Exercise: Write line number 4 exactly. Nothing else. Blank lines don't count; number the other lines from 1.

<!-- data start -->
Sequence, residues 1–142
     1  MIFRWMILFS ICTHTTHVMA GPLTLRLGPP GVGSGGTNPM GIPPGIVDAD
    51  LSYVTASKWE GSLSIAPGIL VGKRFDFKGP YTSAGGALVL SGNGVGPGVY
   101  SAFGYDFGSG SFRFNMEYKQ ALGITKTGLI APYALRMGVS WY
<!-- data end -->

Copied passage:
   101  SAFGYDFGSG SFRFNMEYKQ ALGITKTGLI APYALRMGVS WY